At Wal-Mart, business technology is a team effort--the retailer's far-reaching RFID project would be impossible to achieve if it weren't. This year, InformationWeek recognizes CIO Linda Dillman and her IT staff--some 2,400 strong--as our business-technology team of the year.
Dillman's concern extends to the next generation of IT talent, as well. Along with Kay Palmer, CIO and executive VP at trucking company J.B. Hunt Transport Inc., and Jeri Dunn, CIO at Tyson Foods Inc., Dillman last year established the Northwest Arkansas chapter for the Network of Executive Women, whose goal is to help women advance in management positions, especially in the IT field, where there's declining interest. Women made up 22% of those majoring in computer science in the United States last year, compared with 37% in 1983, according to University of Arkansas statistics.
In addition to continuing to work on people development, Dillman has on tap for 2005 plans to gain more efficiencies in Wal-Mart's collaborative inventory-management systems to improve in-stock items and forecasting, and to deliver technology to improve in-store processes. For instance, lines could be shortened if cashiers are scheduled and lanes are open to handle grocery sales at peak shopping hours. "What are the things we can we do to make it easier for customers to shop and to be more efficient when they come in the store? And once they're done, what can we do to get them through the checkout faster?" she says.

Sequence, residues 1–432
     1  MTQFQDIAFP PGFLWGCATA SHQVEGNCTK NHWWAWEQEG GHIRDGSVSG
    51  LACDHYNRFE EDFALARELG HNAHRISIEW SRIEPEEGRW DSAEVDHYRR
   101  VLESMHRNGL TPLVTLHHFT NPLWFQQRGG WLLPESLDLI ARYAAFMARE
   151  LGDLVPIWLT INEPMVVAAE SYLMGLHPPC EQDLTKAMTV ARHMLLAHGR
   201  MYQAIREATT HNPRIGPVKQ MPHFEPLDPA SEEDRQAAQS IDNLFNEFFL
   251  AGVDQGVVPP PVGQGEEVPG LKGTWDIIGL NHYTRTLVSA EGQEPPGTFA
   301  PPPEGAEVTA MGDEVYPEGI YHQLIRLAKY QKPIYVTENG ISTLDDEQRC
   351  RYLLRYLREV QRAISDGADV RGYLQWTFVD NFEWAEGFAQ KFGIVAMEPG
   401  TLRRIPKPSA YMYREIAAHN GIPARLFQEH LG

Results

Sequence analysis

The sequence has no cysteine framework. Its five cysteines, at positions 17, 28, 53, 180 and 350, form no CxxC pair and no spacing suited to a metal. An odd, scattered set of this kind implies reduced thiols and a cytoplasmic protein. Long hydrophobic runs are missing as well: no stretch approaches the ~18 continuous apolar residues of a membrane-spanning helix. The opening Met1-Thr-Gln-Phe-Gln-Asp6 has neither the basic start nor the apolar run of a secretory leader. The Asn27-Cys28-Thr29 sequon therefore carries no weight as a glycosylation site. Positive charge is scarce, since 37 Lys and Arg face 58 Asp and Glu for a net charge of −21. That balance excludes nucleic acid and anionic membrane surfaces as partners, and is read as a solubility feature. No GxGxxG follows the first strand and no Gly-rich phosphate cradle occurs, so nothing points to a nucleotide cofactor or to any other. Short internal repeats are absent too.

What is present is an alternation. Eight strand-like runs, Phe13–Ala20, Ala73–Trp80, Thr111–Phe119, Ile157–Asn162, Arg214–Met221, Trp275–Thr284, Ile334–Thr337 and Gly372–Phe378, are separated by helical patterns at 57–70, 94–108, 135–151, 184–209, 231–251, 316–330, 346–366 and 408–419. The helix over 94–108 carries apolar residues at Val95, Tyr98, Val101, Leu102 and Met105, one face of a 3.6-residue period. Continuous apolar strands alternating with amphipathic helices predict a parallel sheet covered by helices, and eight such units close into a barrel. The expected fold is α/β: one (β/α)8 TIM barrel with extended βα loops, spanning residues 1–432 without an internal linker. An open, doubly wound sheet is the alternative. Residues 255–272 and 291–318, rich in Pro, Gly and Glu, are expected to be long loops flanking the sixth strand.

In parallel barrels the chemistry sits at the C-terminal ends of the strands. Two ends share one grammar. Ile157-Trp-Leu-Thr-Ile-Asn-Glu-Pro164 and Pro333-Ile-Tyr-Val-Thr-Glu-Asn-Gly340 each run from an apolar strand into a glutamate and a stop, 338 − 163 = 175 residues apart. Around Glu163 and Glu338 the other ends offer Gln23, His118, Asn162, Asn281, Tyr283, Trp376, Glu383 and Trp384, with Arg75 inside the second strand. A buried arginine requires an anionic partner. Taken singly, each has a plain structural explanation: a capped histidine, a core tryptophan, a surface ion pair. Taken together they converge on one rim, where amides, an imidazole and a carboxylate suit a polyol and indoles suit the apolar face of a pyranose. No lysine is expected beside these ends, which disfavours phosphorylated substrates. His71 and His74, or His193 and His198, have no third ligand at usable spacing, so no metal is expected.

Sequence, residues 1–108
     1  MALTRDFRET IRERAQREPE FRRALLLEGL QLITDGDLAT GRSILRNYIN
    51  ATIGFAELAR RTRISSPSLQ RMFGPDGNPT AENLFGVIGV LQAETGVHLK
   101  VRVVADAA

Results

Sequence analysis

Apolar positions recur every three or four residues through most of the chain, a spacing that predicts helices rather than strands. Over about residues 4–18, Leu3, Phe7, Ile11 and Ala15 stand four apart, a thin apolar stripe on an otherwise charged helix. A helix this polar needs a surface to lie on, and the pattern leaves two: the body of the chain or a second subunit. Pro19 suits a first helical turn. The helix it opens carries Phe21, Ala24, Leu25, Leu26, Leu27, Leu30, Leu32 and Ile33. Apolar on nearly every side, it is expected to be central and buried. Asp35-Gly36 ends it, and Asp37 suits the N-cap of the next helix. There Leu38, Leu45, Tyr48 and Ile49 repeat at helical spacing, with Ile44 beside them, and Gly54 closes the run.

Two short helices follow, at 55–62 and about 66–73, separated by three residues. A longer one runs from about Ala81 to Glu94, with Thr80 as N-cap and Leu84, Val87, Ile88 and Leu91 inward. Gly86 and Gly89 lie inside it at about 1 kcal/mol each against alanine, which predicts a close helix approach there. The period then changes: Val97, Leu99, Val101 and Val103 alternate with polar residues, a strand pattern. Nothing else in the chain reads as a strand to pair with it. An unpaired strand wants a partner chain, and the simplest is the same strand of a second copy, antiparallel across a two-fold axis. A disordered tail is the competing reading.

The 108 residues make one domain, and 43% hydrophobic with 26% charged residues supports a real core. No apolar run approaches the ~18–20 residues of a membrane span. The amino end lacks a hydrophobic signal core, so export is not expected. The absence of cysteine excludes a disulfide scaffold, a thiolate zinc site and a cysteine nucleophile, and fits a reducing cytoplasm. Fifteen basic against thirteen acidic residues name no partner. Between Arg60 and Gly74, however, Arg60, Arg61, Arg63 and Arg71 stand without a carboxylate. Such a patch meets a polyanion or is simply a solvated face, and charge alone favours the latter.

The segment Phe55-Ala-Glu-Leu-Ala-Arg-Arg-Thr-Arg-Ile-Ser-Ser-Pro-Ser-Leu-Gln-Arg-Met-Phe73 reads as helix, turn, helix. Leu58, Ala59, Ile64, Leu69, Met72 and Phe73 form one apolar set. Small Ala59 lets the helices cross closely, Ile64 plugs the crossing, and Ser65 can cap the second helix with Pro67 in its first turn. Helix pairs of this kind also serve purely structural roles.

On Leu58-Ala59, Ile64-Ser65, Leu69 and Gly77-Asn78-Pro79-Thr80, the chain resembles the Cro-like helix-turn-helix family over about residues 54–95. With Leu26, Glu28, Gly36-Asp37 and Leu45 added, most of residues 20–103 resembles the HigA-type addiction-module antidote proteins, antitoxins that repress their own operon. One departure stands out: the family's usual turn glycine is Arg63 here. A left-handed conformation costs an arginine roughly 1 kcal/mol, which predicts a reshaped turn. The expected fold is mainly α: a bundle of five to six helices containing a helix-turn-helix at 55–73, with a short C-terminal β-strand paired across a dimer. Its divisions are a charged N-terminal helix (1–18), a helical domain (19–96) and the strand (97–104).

The full plan for 2005 is still a work in progress, but Dillman is clear that not even one project would happen if it weren't for the team at her back. "There's such an overwhelming sense when I receive recognition because it's really about the team," Dillman says. "There's so little that I do; there's so much the team delivers."
5 Top Federal Initiatives For 2015As InformationWeek Government readers were busy firming up their fiscal year 2015 budgets, we asked them to rate more than 30 IT initiatives in terms of importance and current leadership focus. No surprise, among more than 30 options, security is No. 1. After that, things get less predictable.